Monday, November 13, 2006

India: Urban vs. Rural

The contrasts of India continue to strike me. People crowded like sardines into cities. Rickshaws, bikes, cars, trucks, camel and oxcarts, cows and people taking up every bit of open space so that as a pedestrian I feel like I have to hold my breath to make my way on the street. And then all you have to do is get on a train or drive from place to place and look out the window to see endless farmland with only an occasional burst of color from a sari or turban.

The reality is that India is farm country. One of their proudest accomplishments of the past 30 years is their "Green Revolution". Which because of good political stewardship and the introduction of new varieties of crops, fertilizers and soil maintenance, India has raised its output of wheat by leaps and bounds. Now the lands are producing much more and famine is only a historical memory. It went from a beggar nation depending on America’s excess wheat, left over from farm subsidies, to a donor nation which was able to give to Ethiopia and Vietnam during their famines in the 80’s. One reads that during this time of growth farmers were actually seen as rich. Something that is hard to imagine as an American. Land is a great resource in a growing country that needed to be fed.

The majority of India's 1.2 billion people are rural, but the scales are tipping as more and more people are moving to the cities where jobs are being created. The population of Delhi, Mumbai and Calcutta are exploding. With no housing, people are forced to live out on the sidewalks and sleep there too. You see people asleep on any flat surface including the mediums of main roads. Delhi’s population grew by a staggering 46% between 1991 and 2001 to almost 14 million.

The rural versus urban contrasts show themselves in many ways. I have basically driven across India and been able to see the differences first hand. Cities are filled with billboards advertising cell phones, clothes and stores and traversed by many people dressed in western dress yet only a few kilometers outside of town things totally change. One drives from the land where cars and smog are taking over the roads. The rich are even beginning to drive SUVs and taking them up ancient alleyways that were built for pedestrians and only have room for them too.

I have witnessed major traffic snarls as those SUVs try to make their way. Right of way in India is basically given to the vehicle or person who moves first and so those snarls get to be a real mess with no logical thought about how to clear the path. Bikes, people and motorcycles keep pushing through any open space while beeping their horns the whole way. (India is not a place for the faint hearted!)

In the countryside, people live in mud huts in very modest circumstances. Their only vehicles are their feet or perhaps a camel cart or oxcart. Their heads are their best carrier of freight which means women with multiple brass jugs balanced on top of their heads are seen in every direction. (As a girl I can only think of all the books I tried to balance on my head in the effort to be like a model and watch in pure awe at their grace and beauty.)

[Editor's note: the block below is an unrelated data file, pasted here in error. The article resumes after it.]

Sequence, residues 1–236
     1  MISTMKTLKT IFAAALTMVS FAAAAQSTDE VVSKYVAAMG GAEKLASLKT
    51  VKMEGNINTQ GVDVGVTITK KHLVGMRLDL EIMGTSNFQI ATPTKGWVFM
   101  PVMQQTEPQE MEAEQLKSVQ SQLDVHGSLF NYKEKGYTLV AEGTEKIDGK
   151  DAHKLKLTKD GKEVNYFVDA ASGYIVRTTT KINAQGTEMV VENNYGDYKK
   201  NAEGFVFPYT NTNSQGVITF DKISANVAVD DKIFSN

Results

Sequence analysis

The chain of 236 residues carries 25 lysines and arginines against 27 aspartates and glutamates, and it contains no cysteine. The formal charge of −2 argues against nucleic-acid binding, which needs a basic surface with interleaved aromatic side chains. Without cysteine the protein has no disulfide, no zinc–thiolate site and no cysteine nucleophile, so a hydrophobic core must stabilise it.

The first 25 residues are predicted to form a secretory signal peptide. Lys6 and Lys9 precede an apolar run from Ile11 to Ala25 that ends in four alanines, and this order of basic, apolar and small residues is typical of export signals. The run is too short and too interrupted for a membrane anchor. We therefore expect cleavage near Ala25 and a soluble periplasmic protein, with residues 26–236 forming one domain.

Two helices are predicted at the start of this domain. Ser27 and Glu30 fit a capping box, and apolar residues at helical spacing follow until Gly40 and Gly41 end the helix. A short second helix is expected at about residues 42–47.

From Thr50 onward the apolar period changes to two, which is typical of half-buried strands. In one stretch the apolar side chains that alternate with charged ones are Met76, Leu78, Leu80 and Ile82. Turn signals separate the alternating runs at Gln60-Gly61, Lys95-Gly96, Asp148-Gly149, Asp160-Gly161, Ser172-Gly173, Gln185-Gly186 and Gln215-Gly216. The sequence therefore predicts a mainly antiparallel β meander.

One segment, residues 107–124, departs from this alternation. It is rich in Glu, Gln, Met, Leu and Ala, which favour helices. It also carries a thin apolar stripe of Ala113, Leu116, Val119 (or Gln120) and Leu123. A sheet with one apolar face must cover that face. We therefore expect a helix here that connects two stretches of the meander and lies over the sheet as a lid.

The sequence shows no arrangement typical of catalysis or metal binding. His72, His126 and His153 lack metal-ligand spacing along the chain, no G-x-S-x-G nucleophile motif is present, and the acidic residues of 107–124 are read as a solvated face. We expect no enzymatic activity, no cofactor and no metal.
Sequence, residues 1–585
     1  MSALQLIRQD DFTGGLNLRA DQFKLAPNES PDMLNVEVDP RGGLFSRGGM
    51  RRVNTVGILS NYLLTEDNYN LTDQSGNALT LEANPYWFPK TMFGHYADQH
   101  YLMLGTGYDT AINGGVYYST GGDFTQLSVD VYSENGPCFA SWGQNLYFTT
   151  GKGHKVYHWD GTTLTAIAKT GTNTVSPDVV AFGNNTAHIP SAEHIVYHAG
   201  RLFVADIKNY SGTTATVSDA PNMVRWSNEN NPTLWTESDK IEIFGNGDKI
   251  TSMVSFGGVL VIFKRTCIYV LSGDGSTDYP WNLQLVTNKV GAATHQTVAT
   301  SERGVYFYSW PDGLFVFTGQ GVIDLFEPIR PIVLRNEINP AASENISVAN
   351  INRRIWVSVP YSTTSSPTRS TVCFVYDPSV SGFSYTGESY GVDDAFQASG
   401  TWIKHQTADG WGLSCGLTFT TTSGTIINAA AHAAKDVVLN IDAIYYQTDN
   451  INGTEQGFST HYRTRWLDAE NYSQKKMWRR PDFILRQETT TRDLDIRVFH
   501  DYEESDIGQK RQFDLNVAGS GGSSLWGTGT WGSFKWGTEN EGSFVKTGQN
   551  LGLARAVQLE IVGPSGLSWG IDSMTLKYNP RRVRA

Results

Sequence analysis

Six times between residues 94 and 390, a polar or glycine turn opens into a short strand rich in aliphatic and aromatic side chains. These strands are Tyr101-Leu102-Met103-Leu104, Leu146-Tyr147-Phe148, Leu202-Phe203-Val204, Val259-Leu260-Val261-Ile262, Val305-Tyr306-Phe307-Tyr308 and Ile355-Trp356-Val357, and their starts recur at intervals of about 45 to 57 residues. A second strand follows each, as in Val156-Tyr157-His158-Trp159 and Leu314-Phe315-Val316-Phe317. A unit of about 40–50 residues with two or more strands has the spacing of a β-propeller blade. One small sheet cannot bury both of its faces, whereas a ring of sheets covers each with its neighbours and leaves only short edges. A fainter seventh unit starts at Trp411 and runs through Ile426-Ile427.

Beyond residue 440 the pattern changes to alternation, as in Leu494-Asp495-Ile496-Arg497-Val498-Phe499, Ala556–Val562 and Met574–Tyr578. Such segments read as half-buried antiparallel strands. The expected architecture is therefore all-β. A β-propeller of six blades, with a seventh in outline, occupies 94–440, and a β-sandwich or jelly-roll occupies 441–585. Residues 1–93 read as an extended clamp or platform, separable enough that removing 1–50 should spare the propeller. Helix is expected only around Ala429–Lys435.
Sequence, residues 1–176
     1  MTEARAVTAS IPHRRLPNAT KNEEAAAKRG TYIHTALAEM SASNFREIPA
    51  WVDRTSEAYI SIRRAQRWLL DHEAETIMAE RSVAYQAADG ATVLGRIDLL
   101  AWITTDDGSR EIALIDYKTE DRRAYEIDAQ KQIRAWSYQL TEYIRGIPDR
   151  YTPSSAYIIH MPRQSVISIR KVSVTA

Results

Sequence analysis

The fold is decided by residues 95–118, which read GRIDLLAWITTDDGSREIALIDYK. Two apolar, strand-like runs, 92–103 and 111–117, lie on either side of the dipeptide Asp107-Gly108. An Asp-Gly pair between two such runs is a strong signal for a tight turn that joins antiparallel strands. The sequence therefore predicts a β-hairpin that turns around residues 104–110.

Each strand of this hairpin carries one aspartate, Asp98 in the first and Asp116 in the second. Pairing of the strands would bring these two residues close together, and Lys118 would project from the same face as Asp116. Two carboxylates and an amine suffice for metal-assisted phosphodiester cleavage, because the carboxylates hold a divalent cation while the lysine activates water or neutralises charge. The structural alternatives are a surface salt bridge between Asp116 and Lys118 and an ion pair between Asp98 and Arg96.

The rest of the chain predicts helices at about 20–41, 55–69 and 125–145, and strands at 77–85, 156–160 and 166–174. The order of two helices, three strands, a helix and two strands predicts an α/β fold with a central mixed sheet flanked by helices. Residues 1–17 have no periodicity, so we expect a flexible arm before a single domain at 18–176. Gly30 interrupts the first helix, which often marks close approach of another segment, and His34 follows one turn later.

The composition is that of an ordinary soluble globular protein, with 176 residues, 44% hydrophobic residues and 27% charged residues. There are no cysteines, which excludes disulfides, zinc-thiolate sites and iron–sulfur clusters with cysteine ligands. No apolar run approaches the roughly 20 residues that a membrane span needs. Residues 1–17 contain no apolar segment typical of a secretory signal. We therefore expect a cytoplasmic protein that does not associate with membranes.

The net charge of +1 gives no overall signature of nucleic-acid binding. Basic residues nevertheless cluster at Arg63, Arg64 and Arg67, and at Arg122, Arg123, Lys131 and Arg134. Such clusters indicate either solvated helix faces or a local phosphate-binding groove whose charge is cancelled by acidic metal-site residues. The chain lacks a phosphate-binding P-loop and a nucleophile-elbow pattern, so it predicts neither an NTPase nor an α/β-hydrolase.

One day on our way out into the desert for a camel trek we stopped in a few rural villages. I thought it was going to be a touristy walk through well trodden villages as often happens in the third world. Instead just 20 kilometers outside of the main town of Jaisalmer and just off the paved road we reached villages populated by subsistence farmers where the people were genuinely shy and a bit afraid of us. In fact they would come and watch us from behind doors and walls and then pose for photos only to run away when we tried to show them the LCD. They didn’t speak Hindi, the local official language of that state and only spoke their local dialect. Even some of the teenagers were brought to tears by our presence (I’m getting used to bringing babies to tears), while others were very curious to just watch us and follow us through the town.

While the Green Revolution brought wealth to the rural lands, the new IT boom is mostly only affecting the urban centers. It’s a boom of the educated and the rural areas are worried that they are being left behind. The hope is that the money from the IT boom will be spent to help the rural people. They need electricity, education, healthcare and roads and there is some evidence that these things are coming. According to books, India is rapidly reducing its poverty levels but according to my eyes it’s very hard to believe. The only signs of modern progress I see are new wells that seem to be newly placed along the roads. According to the New Yorker there were two million wells in India thirty years ago; today, there are twenty-three million. If other progress is being made at those numbers, the forecasts I have seen may be true. Predictions are that India will end extreme poverty by 2010 or 2015 (less than a dollar a day), which means lift one third of their society (350 million people) onto a new playing field. While it is hard to believe, change is definitely in the air and everything here is in flux so maybe real progress is even being made in the countryside.

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